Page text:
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In her book, Strategic Management in Action, Mary Coulter (2010) asserts that when a firm has a weak standing in their industry, it is likely it will be reflected by lower profits.  This includes the implementation of creativity to encourage innovative ideas that will help them provide quality products and services (Coulter, 2010). This strategy is effective for the development of a firm whose intent is to stand way above the others and doing so by avoiding insular or isolated tactics. Leaders that cultivate organizations in an isolated environment, for example, face creating barriers which can prevent them from receiving important information that can affect their industry. It can also cause issues in acquiring resources and support. Plus it keeps them from missing out on trends that may result in their falling behind on what is considered new and innovative. These are important components for keeping in touch with consumer demands and needs.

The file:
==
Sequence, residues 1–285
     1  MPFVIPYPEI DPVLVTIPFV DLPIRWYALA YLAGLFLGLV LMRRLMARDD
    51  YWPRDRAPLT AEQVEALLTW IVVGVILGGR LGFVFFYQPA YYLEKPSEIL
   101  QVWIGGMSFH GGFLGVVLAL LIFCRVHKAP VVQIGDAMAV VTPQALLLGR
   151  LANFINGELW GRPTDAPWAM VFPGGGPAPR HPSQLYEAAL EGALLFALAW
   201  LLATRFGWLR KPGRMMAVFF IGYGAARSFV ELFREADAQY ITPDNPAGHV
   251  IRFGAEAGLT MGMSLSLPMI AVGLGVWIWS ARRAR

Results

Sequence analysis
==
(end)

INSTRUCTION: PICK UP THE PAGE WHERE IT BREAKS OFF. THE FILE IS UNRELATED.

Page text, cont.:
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Finally, and equally important, is an organization’s ability to keep it fresh. Implementing strategies like situation analysis is imperative for keeping a company in check. Many managers, for instance, have a tendency to find out and establish what works, then become complacent by staying the course. This “if it ain’t broke, don’t fix it” tactic tends to create a lethargic and stagnant working environment; one where workers lose focus and are prone to making more errors. This can occur because of lower performance levels which result from the automatic pilot method of operation they have become accustomed to. To prevent this, the most effective leaders incorporate systems and programs to keep staff members motivated and inspired.